Busy Mora riding 'tornado' of activity
The Bruins' new coach has a dream: to face his alma mater, Washington, in the Pac-12 football championship game.
Seattle Times staff columnist
Jim Mora felt test anxiety. That's when he really knew he had gone back to school.
Mora, the former Seahawks and Atlanta Falcons coach who had spent 25 years in the NFL, found himself sitting at a desk earlier this month, taking a mandatory recruiting exam for college coaches. If he was going to be any good at his new job — UCLA football coach — he needed to pass it.
"I was more nervous than I've been since taking the SAT as a senior in high school," Mora joked.
He passed, but he'll delay the celebration for another lifetime. Right now, Mora is too busy.
"It's like a tornado sucked me up, and it's taking me for a ride," Mora said. "I hope it will eventually put me down on solid ground. But this is exciting. I'm learning a lot."
It has been two weeks since he was introduced as the new UCLA coach. Since then, Mora, who turned 50 last month, has gone about establishing that he knows what he's doing. He is attacking this challenge with his typical zeal. He's the youngest 50-year-old in the world. In these two weeks, he has immersed himself in recruiting and created a buzz by hiring several reputable assistant coaches, including two ace recruiters who know Southern California in Adrian Klemm and Washington's Demetrice Martin. Mora also snagged Steve Broussard and offensive coordinator Noel Mazzone from Dennis Erickson's old staff at Arizona State and promoted former Huskies quarterback Marques Tuiasosopo from intern to tight ends coach.
Mora has spent the past two years anticipating this career shift. For the first time in his coaching career, he took time off, opting to do television work for Fox and the NFL Network. He turned down offers to be an NFL defensive coordinator for the chance to take a step back and study. As a TV football analyst, he spent time with some of the game's best minds and learned how they see the game. He also examined college football from afar, and when it came time to pursue jobs this year, he received help from his alma mater, especially Washington football coach Steve Sarkisian and athletic director Scott Woodward.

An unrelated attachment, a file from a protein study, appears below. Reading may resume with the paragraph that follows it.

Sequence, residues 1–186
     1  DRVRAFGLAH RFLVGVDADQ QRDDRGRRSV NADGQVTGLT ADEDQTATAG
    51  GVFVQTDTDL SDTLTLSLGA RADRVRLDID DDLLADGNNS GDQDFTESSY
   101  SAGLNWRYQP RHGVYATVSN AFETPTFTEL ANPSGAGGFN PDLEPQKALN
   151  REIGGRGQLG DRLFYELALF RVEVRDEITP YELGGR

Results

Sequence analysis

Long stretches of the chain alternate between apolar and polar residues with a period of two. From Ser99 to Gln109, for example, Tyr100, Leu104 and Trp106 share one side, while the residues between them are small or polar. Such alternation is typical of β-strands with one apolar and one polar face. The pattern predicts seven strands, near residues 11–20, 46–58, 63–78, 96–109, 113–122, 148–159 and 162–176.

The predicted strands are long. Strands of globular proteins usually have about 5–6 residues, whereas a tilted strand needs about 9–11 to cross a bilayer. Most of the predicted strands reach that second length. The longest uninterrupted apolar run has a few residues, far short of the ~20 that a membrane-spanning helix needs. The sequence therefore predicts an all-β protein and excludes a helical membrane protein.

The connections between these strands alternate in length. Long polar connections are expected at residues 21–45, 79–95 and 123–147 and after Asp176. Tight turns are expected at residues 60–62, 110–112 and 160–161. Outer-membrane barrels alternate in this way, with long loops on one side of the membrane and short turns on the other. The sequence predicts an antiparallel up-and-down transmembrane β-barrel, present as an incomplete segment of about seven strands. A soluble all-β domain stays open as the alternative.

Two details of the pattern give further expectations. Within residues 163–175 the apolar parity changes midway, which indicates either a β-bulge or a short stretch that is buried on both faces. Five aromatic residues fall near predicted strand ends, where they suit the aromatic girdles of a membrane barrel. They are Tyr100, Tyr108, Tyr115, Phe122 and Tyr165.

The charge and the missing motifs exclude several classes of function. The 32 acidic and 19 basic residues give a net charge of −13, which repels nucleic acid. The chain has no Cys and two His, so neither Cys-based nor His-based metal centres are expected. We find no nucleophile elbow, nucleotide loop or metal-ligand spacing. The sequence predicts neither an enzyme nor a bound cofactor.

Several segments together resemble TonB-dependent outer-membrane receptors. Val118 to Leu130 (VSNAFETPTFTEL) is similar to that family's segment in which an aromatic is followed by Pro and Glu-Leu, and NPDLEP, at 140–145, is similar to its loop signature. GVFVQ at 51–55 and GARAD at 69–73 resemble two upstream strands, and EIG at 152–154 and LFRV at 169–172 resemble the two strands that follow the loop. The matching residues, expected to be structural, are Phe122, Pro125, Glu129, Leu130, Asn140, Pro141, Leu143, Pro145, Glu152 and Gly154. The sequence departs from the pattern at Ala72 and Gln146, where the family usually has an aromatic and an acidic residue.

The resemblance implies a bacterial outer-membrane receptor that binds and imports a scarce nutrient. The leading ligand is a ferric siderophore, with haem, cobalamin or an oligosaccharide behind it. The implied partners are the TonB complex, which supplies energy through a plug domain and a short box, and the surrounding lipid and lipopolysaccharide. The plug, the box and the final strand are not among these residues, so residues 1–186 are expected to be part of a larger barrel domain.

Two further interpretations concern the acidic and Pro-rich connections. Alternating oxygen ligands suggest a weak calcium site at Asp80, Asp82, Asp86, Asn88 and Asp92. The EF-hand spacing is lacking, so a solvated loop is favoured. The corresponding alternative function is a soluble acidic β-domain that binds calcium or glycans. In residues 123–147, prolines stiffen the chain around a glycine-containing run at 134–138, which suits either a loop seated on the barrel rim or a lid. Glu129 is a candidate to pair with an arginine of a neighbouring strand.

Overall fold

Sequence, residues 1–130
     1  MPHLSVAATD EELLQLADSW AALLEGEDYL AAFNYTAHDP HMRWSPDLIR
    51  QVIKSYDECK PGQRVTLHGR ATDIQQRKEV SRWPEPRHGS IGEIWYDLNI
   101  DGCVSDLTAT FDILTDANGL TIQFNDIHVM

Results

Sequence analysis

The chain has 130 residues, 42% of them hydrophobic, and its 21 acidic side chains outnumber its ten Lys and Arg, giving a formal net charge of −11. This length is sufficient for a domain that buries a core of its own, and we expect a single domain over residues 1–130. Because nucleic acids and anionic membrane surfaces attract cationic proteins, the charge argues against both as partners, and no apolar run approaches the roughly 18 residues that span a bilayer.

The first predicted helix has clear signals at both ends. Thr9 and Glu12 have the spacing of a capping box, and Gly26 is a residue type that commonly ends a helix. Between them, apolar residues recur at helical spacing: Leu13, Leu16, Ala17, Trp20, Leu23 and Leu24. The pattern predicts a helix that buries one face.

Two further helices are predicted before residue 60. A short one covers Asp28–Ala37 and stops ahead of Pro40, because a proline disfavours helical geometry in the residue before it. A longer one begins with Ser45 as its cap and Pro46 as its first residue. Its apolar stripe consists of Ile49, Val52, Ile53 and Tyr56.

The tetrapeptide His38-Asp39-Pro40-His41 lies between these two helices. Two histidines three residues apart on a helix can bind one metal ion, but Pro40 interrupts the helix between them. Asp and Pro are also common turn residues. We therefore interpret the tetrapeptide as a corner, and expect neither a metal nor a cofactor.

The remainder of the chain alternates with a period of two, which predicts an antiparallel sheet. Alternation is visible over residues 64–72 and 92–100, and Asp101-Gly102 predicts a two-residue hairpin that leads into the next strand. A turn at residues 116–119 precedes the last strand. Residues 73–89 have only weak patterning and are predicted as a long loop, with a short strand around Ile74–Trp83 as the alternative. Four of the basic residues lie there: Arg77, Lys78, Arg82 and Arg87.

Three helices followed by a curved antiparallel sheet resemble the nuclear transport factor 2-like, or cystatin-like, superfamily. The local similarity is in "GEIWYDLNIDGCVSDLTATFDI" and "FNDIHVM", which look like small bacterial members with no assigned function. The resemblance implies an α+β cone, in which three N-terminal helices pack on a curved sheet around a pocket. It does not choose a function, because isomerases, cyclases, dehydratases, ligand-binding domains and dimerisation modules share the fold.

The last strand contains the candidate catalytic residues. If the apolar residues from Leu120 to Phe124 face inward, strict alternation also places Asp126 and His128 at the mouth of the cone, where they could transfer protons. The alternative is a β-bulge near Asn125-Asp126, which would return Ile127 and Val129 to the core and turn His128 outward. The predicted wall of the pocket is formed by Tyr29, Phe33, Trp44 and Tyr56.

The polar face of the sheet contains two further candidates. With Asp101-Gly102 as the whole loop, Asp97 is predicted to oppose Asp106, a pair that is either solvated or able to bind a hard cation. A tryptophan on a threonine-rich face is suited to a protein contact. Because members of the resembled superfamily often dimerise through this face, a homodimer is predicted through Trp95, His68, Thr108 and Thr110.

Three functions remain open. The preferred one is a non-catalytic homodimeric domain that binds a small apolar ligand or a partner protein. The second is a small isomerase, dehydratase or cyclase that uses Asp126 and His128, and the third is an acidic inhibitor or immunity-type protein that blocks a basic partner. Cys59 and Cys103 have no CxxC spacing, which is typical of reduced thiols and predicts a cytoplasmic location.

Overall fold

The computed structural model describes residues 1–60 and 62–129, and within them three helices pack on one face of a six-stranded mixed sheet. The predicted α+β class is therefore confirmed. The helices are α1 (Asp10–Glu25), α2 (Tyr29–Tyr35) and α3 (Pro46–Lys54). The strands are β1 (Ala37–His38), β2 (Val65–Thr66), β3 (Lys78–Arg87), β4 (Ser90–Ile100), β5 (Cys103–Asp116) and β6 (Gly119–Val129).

"Steve Sarkisian and Scott Woodward are world-class people," Mora said. "Sark told me everything I needed to do, and everything I needed to think about as I looked into this. And Scott was a real advocate for me. They didn't have to do that. They could've looked at me as competition and not been helpful, but they weren't. I have so much respect for the fact that they looked beyond that.
"That's one of the things about Sark that's so appealing. He's a real guy. He's not phony. He's not some snake oil salesman. He's a real guy."
Of course, Mora must compete against his school now. He already poached Martin. Fortunately, UCLA and Washington don't meet in the regular season next year, so Mora will have time to get used to the idea of playing the Huskies. But when you tell him that, he mentions that the teams could play next year in the Pac-12 title game. It's his dream scenario.
But Mora is also realistic about the challenges. He knows he'll have to adjust to playing against a variety of offensive styles. He knows that recruiting requires more than just charm, and he's willing to do the work. And he'll be teaching more than just football now.
"I'm really looking forward to all of it, on and off the field," Mora said. "I have a tremendous opportunity to impact their lives. That's going to be fun for me. But mostly, I love being on the grass, on the practice field, talking technique, coaching effort and teaching them about the proper mindset."
The only hard part is that he must move his wife, Shannon, and four children again. He says he will give his oldest child, Cole, the option to stay in the area and live with some family friends for his senior year at Bellevue High School next year. He says he owes his son that choice.
Then the youngest 50-year-old in the world laughs at the thought.
"It's a little sobering," Mora said. "He was supposed to leave me and go to college, not me go to college. The roles are reversed here."
In football, as in life, the cycle tends to spin in a surprising manner.
Jerry Brewer: 206-464-2277 or email@example.com, Twitter: @Jerry_Brewer
About Jerry Brewer
Jerry Brewer offers a unique perspective on the world of sports.
firstname.lastname@example.org | 206-464-2277